Fall 2014, Volume 17

Poetry by Ann Neuser Lederer

Mowing the Labyrinth

All of our ceremonies begin at dusk.

When we walk, we huddle together,
    our true numbers not to be counted.
We pull off our costumes,
    so as not to be recognized..
We hang out our flags, to blend in.

After the ritual sips, the chaos begins:
    Arms flung up to nonexistent mothers.
Lamps lit, all through the night.

The wailing we do only
    when the windows are shut tight.
The wounds, only in unobservable spots.

In the morning, the butchery is evident.
    Remains of what has been mowed in the dark.

Pathways with tufts in between: Indecipherable
    semicircles.  Earthworms’ neurons.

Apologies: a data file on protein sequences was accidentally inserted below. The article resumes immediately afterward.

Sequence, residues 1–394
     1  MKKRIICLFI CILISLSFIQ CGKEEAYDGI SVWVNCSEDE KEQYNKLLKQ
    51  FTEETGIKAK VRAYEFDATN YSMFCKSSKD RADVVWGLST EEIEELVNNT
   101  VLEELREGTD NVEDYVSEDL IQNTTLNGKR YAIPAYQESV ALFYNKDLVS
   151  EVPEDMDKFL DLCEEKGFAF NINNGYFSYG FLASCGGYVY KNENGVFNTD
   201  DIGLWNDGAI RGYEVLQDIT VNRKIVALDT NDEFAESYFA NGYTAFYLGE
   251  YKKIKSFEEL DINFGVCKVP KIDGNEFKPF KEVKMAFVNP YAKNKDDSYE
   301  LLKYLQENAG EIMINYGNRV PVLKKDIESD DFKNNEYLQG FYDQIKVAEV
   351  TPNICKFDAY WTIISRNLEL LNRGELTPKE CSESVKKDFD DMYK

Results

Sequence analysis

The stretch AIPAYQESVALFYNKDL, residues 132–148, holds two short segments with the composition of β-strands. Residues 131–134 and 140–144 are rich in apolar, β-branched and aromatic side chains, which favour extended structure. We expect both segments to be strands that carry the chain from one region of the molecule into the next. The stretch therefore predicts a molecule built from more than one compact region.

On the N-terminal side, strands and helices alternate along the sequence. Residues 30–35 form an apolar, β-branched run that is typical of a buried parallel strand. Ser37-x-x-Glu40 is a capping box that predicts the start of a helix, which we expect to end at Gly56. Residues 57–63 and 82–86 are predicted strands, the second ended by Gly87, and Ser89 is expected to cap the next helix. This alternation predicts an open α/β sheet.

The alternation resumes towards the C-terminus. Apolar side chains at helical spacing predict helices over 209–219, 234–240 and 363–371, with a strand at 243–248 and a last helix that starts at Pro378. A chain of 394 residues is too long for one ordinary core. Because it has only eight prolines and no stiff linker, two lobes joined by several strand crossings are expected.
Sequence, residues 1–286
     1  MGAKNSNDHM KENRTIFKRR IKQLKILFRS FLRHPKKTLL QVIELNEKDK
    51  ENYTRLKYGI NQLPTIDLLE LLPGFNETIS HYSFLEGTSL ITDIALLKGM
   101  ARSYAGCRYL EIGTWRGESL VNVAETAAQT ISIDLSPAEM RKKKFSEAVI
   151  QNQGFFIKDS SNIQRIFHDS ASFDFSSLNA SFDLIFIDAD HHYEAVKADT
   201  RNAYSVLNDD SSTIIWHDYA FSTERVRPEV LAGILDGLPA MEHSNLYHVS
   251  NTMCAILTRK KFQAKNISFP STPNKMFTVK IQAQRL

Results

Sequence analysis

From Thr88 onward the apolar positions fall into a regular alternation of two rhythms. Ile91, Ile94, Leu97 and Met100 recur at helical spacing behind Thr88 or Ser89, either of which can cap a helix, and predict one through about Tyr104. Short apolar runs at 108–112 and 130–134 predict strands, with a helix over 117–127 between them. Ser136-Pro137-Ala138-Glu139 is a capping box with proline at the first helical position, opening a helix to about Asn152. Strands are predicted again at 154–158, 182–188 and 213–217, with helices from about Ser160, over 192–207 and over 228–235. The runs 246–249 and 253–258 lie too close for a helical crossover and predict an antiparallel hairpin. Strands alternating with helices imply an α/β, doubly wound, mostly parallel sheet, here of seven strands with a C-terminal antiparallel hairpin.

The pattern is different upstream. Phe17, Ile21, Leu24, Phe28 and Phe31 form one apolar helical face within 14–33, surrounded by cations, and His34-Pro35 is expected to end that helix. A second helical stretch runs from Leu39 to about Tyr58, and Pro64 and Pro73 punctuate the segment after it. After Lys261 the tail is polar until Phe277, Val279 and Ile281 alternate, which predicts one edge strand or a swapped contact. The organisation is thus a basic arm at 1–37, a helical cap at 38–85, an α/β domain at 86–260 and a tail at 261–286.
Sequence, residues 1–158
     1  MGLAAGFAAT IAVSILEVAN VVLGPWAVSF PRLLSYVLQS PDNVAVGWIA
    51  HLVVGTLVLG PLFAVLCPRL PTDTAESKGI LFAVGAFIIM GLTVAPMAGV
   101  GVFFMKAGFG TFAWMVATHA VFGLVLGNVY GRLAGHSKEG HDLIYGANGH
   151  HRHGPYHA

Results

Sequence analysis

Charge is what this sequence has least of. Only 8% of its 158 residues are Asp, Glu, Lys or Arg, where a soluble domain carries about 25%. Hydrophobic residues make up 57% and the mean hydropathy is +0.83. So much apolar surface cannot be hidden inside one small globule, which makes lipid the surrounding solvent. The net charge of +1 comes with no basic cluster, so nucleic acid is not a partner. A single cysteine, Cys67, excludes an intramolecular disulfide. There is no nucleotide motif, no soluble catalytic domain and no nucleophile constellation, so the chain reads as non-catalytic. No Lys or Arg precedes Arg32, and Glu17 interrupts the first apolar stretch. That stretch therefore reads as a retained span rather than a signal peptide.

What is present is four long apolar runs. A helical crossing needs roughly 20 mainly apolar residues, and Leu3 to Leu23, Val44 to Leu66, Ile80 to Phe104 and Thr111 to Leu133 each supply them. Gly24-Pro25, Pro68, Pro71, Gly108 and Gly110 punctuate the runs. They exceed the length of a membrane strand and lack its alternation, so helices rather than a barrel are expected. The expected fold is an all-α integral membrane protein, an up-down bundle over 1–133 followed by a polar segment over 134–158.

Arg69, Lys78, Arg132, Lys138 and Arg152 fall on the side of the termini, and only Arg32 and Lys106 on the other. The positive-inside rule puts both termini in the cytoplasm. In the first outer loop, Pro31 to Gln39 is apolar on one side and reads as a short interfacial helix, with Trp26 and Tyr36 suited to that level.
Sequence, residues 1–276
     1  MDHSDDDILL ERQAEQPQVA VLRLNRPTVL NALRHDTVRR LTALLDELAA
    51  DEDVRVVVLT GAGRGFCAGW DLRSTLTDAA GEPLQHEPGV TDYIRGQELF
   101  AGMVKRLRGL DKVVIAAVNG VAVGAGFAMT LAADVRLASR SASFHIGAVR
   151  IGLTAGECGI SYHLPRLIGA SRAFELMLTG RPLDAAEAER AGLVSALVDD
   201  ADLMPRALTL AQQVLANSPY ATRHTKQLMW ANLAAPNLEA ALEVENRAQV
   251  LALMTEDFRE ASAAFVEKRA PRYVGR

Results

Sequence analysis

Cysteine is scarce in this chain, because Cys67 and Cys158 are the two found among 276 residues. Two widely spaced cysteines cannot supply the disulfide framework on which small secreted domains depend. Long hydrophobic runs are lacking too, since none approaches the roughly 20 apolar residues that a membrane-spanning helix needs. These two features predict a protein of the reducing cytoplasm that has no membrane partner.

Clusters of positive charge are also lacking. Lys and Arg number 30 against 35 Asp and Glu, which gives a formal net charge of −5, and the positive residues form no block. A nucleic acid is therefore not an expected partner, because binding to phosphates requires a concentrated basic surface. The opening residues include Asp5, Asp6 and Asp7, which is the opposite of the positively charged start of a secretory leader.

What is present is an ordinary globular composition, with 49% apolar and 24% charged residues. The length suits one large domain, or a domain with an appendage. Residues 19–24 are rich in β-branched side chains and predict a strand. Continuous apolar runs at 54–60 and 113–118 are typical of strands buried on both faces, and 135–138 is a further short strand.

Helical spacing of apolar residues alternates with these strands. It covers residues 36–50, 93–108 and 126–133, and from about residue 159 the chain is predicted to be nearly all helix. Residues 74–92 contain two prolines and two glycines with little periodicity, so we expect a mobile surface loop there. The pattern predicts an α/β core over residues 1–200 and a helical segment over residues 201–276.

The frost-maddened bumblebee veers unexpectedly.

Train sounds, moans
    from windows finally opened.

The silence of the missing midnight planes




BIO: Ann Neuser Lederer, was born in Ohio and has also lived and worked in
Pennsylvania, Michigan, and Kentucky as a Registered Nurse. Prior to
nursing she studied art and earned degrees in Anthropology. From early
childhood she has loved to hear, read and write poems. She has kept a
journal, which sometimes includes notes and drafts for poems, since an
English class assignment at age sixteen. Her poetry and nonfiction
appear in online and print journals; anthologies such as
Best of the
Net, A Call To Nursing, Pulse, and The Country Doctor Revisited; and
in her chapbooks:
Approaching Freeze, The Undifferentiated, and Weaning
the Babies.